Why Faith Prevails Over Doubt

In 04 Fr. John McCloskey on 2013/09/04 at 12:00 AM


It is clear that what was once known as the West–let’s say Western Europe and North America–has largely abandoned its Christian roots and fallen into apostasy. In fact, it has succumbed to neo-paganism–a practical atheism that, similar to 18th-century Deism, relegates God (if he exists) to a peripheral role in one’s life. Increasing numbers do not believe it is rational to believe. The gods of technology, medicine, material security, and entertainment have largely replaced American denominational Protestantism, which fell victim to the cultural explosion of the Sixties. Since then denominational membership has plummeted year after year. Evangelical Protestants cling with good will to their Bibles and born-again encounters but are not stable. They have revolving ministers, no sacraments except Baptism, and no solemnity of worship, often congregating in what appear to be jet aircraft hangers. Such churches give no sign of the potential to create a culture whose hallmark is Beauty, a sign of God’s presence.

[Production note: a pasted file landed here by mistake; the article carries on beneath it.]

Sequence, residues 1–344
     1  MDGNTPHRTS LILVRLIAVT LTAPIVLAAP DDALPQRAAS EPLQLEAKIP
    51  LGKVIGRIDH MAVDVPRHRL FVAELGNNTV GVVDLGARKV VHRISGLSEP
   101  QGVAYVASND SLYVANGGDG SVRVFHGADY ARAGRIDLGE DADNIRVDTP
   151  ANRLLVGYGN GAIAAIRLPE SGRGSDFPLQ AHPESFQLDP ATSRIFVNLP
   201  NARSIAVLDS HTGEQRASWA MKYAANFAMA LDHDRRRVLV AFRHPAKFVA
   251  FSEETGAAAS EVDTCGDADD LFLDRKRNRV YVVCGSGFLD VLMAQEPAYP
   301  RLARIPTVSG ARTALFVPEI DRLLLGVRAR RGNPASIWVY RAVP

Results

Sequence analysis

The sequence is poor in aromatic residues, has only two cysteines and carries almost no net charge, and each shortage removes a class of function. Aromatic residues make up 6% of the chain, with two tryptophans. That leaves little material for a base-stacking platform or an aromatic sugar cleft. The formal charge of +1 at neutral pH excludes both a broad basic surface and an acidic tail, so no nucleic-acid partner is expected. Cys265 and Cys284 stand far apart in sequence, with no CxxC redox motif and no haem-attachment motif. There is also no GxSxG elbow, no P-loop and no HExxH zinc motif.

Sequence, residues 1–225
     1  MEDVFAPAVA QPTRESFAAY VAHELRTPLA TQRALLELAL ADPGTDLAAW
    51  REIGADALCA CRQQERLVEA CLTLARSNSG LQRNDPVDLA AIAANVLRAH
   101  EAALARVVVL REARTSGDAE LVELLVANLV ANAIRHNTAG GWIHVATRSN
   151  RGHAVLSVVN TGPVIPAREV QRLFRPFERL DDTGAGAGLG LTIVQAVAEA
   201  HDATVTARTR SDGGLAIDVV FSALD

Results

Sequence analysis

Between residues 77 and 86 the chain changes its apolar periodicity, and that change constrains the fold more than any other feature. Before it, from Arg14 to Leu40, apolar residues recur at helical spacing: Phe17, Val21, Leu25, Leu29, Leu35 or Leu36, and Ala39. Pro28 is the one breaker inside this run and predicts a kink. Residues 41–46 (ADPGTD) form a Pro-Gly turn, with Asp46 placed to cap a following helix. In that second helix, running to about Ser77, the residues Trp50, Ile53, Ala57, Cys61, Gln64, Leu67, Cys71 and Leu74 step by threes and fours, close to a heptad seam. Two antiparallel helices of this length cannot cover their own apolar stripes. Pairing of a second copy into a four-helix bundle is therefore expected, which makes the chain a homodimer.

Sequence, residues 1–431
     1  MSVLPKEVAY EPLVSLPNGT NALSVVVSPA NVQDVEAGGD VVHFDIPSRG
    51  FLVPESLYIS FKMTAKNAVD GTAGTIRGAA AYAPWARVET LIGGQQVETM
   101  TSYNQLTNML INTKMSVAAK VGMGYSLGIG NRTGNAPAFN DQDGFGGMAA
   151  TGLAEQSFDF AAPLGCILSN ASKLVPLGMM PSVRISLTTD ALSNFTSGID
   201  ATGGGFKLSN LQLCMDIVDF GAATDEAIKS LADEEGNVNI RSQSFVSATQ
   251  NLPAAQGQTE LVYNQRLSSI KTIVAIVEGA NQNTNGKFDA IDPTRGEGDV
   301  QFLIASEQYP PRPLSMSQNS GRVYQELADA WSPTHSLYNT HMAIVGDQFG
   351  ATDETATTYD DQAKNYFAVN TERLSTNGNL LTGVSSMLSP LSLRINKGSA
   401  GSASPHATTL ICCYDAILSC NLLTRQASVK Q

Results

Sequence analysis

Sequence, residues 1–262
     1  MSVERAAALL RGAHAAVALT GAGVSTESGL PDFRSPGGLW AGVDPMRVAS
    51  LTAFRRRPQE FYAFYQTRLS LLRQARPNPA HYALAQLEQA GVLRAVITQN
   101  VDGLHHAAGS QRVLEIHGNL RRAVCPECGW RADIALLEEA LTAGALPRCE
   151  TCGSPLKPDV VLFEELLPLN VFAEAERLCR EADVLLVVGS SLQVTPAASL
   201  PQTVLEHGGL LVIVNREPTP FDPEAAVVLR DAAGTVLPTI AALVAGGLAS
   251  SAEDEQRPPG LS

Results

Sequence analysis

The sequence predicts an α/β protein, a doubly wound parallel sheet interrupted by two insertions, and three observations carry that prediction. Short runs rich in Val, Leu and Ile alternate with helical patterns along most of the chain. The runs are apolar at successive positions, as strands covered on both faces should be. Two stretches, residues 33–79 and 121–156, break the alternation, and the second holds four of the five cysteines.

Law professor and novelist Patrick M. Garry, however, has written a book explaining why. Entitled: A Faith Brief, A Lawyer’s Argument for Why Faith Prevails Over Doubt, it is published by Kirk House.

Garry writes, “This book is about faith. Actually it is a book about finding faith despite an immersion in a life and culture of doubt, and about by first finding a way to dispel the doubt.”

His book is nondenominational in its approach, relying predominantly on philosophical and reasoned arguments to plead his case. Even though the book-jacket blurbs all seem to be Catholic, Garry’s book does not work to convince the reader by authority or Revelation; rather his aim is to detach the reader from a state of skepticism.

Continue reading…

Fr. John McCloskey


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